When not actually at the mountain, you can mostly build up physical endurance and perhaps work on some team building. You might be able to simulate scenarios for likely events, but you cannot prepare for every eventuality.

When you are on the mountain, the challenges become real. The physical challenges become mental and social. One of the best ways for anyone to learn responsibility is to take care of themselves and others around them. Any well-adjusted adult relearns to do this and is in a constant state of worry for the kids.

Being responsible for oneself and others becomes real for kids too. They have to learn how to walk responsibly, talk responsibly, eat and drink responsibly, and even relieve themselves responsibly. They learn to recognize whether body and/or mind are tiring whether it is their own or in others.

With how careful schools, parents, and organizers are nowadays, these aspects and more were probably part of a preparation regime that students experienced as part of character and leadership development. I would bet that the children were prepared for the climb better than I was for mine as an adult two decades ago.

The biggest issue school authorities, teachers, and trip organizers had to deal with was risk. They would have surely mitigated such risks with protocols like RAMS (risk assessment management system, one example) and a host of other operating procedures. If reflective in their work, they would have learnt from previous expeditions in rise-aboves and debriefings.

Had adults taken the necessary responsibility? I say yes. But can they account for, anticipate, and control everything? Undoubtedly no, like everything else in life.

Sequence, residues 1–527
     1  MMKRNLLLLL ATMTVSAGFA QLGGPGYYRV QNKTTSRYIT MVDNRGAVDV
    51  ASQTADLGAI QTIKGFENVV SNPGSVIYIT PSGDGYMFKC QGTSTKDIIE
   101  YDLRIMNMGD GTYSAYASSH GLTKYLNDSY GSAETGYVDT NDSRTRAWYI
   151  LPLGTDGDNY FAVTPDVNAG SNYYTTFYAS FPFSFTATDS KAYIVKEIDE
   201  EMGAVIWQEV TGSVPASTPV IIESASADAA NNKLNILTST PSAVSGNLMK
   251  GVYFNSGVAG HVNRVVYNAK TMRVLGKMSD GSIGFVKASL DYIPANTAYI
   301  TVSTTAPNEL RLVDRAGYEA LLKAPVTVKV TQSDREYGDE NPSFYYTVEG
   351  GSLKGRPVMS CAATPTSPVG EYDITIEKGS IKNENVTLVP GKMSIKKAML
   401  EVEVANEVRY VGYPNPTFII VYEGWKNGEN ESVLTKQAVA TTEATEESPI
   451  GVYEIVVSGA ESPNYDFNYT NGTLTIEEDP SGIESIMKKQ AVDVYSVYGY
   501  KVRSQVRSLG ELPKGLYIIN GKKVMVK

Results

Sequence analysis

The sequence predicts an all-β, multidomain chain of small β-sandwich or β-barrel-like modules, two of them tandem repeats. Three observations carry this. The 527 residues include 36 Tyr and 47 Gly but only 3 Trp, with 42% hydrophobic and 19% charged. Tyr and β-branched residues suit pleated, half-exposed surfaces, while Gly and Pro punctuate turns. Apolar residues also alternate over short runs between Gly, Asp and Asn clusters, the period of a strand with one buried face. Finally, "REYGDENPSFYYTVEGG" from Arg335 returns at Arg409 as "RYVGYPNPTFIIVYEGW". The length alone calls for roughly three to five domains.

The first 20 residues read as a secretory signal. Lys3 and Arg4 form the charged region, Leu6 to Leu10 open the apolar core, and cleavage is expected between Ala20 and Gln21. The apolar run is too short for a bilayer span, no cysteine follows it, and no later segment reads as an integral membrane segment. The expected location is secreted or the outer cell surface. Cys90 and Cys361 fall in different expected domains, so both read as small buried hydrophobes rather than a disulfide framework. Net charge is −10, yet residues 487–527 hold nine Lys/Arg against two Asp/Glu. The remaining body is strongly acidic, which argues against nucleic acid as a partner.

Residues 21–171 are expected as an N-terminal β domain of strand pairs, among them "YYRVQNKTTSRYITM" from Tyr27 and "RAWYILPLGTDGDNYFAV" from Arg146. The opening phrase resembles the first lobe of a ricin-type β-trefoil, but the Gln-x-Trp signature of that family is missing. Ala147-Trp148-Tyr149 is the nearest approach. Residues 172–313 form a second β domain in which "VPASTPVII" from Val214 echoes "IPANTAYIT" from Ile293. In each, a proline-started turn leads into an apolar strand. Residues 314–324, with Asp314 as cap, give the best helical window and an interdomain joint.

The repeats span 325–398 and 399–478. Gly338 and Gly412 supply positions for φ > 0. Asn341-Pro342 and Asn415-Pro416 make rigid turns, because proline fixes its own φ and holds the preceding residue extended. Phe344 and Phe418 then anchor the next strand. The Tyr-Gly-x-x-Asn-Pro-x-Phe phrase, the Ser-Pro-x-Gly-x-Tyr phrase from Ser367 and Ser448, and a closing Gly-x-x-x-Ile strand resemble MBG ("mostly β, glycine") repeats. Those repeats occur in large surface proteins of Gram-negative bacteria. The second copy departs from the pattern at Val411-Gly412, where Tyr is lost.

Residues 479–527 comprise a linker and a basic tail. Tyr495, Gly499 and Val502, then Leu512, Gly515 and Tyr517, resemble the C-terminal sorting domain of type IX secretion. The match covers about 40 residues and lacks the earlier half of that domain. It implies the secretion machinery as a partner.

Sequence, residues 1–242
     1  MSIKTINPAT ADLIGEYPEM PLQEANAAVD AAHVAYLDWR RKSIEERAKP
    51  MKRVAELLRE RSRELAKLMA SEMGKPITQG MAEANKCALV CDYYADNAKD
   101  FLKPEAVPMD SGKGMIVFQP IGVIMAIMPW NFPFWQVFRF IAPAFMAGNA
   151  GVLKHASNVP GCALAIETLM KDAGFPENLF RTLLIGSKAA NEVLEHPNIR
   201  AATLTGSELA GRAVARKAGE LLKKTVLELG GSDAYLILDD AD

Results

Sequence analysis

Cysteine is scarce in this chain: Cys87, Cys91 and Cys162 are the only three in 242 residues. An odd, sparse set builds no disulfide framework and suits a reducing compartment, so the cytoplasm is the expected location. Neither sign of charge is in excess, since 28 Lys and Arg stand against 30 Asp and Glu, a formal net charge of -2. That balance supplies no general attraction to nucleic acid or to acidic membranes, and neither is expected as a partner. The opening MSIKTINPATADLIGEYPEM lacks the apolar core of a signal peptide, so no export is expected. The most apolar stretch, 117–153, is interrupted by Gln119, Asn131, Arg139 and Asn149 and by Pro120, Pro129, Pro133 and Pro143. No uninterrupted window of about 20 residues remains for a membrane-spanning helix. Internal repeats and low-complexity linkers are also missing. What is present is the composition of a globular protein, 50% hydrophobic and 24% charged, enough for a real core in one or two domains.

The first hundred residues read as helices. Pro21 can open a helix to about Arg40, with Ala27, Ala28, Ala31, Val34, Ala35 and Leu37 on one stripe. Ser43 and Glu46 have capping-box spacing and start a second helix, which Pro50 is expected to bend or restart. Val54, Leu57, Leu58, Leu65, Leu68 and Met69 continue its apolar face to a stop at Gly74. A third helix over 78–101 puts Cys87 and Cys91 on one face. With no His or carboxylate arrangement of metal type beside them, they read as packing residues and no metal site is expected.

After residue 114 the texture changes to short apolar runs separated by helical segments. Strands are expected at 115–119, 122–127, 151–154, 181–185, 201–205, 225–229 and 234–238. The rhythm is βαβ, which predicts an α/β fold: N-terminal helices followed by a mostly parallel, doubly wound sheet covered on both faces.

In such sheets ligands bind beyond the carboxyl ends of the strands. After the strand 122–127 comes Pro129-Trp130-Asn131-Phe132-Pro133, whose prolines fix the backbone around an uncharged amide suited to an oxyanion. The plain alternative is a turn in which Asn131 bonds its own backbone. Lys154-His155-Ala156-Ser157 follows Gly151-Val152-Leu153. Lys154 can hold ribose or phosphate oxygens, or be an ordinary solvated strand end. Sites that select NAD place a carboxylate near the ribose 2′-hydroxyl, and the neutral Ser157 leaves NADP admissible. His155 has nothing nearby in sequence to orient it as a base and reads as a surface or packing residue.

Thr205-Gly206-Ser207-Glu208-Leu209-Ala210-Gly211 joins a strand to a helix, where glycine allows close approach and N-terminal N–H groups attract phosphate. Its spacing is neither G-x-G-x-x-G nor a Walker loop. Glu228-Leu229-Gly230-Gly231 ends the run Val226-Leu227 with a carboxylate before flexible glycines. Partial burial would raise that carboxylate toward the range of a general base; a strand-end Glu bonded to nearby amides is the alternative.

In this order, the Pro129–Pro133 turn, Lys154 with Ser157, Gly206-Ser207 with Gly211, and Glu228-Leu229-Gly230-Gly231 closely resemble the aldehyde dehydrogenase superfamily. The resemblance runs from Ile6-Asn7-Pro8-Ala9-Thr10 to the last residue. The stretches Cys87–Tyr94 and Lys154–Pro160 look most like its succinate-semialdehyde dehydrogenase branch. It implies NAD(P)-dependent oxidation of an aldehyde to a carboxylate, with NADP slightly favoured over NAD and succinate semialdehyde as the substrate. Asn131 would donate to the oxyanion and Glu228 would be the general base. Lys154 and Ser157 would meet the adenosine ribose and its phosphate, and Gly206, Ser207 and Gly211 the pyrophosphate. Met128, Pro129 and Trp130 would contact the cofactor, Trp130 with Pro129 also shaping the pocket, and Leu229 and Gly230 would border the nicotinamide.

The risks were low because the region was not known for seismic activity of the scale of last week, the conditioning programmes, and prior experience.

As much as the troll tries to point out that the issue is one of taking responsibility, she means to lay blame on someone like the school principal. If there were risks that adults could remove but chose not to, then there is rightly room for blame. But this is not a transparent issue, so we cannot judge.

If as much preparation and risk mitigation was done as possible, then I repeat the simple wisdom offered by SGAG*: If you’ve nothing better to say, don’t say.

Now is not the time to blame. It is to grieve. It is to support those who have lost loved ones. It might even be to battle trolls who are not helping matters.

In the aftermath, some people here will invariably seek to blame. As I have reflected before, this action stems from a place of ignorance and fear. When this happens, we might heed the warning of Yoda*: Fear leads to anger. Anger leads to hate. Hate leads to suffering.